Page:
Big Data, But Not as we Know It
As astronomy equipment becomes ever more complex and harvests ever increasing amounts of information from our skies, companies are applying the theories of big data to try and answer one of humanity’s most profound questions – are we alone?
The amount of data collected is mind-boggling. Take the example of the Square Kilometre Array Project (SKA) – a $2 billion joint radio telescope development between Australia, South Africa and the UK. Upon the launch of Phase One in 2020 the project will collect a staggering 915 Petabytes of data per day (approximately 960 million Gigabytes) – that’s nearly 2 million years’ worth of playback on a standard MP3 Player. By the time the operation is fully functional in 2025 the SKA’s will produce ten times the global internet traffic of the entire of 2013.
While the search for alien life is not the project’s primary purpose, if life does exist the dishes have a good chance of finding it. The SKA’s telescopes will be so powerful and sensitive that the scientists involved predict that it will be capable of detecting an airport radar signal on an airport 100 light-years away.
Naturally, making sense of all this data requires some serious computing power, and the SKA central supercomputer doesn’t disappoint – possessing the processing power of 100 million high-spec PCs and able to perform an ExaFLOP (1018 million trillion) of operations per second.
Storing and archiving this data also requires some creative solutions. NASA’s Jet Propulsion Laboratory (JPL) is already working on developing open-source software that uses innovative cloud computing techniques to organise, manage and catalogue the huge amounts of daily data.
All this alien chasing also has real-world benefits. Today’s computers are still limited to PetaFLOPs which means the SKA’s computational technology will be applicable to large-scale computing everywhere, and the JPL team hope the complex data management tools they develop will help businesses archive and access their data with more ease.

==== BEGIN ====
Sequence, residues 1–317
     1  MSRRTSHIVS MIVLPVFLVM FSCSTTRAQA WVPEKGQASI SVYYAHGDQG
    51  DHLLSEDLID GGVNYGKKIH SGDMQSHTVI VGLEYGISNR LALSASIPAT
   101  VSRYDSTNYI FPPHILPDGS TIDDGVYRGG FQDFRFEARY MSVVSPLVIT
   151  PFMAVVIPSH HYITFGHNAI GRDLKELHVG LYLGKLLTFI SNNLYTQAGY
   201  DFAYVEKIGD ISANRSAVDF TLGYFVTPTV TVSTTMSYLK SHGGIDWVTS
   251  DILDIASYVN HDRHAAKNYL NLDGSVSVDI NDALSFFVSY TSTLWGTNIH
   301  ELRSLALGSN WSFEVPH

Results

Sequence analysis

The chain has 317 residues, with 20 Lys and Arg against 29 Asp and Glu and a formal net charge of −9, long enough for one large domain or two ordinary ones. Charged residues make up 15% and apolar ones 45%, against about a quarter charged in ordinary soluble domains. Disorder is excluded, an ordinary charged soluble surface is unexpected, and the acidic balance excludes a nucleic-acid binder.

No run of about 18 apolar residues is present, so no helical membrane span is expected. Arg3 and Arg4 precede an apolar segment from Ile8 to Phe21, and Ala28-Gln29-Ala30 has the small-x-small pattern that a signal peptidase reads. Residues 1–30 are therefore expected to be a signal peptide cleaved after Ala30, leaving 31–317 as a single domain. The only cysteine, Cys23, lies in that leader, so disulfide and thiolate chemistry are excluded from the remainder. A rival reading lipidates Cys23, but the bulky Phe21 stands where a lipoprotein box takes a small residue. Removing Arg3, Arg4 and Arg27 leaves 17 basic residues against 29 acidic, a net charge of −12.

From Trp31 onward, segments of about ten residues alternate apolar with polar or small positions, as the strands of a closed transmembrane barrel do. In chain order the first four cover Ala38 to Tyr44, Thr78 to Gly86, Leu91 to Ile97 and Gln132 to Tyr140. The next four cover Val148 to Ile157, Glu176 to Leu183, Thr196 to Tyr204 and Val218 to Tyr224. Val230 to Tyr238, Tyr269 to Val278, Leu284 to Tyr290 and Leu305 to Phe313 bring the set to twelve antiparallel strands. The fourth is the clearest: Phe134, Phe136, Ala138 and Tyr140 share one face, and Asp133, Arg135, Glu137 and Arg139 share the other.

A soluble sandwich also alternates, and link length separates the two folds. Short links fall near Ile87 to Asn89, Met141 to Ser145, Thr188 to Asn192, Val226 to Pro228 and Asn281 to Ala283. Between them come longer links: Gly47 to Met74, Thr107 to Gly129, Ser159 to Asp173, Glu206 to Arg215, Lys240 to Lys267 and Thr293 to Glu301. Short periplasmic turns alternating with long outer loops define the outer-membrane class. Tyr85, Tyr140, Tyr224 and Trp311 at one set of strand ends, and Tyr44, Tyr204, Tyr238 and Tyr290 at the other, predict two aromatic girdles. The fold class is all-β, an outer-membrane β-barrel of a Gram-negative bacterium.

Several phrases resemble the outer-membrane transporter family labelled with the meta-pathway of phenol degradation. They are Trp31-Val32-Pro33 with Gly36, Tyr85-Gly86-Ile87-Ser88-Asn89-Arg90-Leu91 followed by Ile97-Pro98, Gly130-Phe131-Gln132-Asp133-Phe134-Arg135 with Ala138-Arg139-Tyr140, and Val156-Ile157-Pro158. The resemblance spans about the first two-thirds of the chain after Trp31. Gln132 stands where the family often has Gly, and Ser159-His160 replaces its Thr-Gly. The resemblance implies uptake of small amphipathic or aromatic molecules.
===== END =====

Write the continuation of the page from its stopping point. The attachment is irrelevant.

The vast amount of data collected has offered exciting opportunities to companies back on earth. A good example is Skytree, a 20-employee start-up in San Jose specialising in developing machine learning through the use of big data. The company has recently partnered with the SETI Institute and hopes to use complex algorithms to sift through the massive volumes of data to find patterns, relationships, anomalies and outliers. The techniques allow the Institute to look for signs of extra-terrestrial life in data that was previously discarded due to its size – indeed it’s possible that evidence of an extra-terrestrial life is already hiding in their archives.
It’s not just tech companies and scientific researchers who have access to the big data that’s been collected. SETI Live allows enthusiasts to use their own PCs to access live radio frequency signals SETI Institute’s Allen Telescope Array (ATA) – giving them the tools to identify and report any suspicious patterns that could be indicative of alien life.
Whether or not we will ever find extra-terrestrial is naturally debatable, but one thing is certain – if we do detect that life exists then big data will have played a massive part in the discovery.
What do you think? Is this a useful deployment of big data, or could the money and manpower be better spent elsewhere? Let us know in the comments below.
By Daniel Price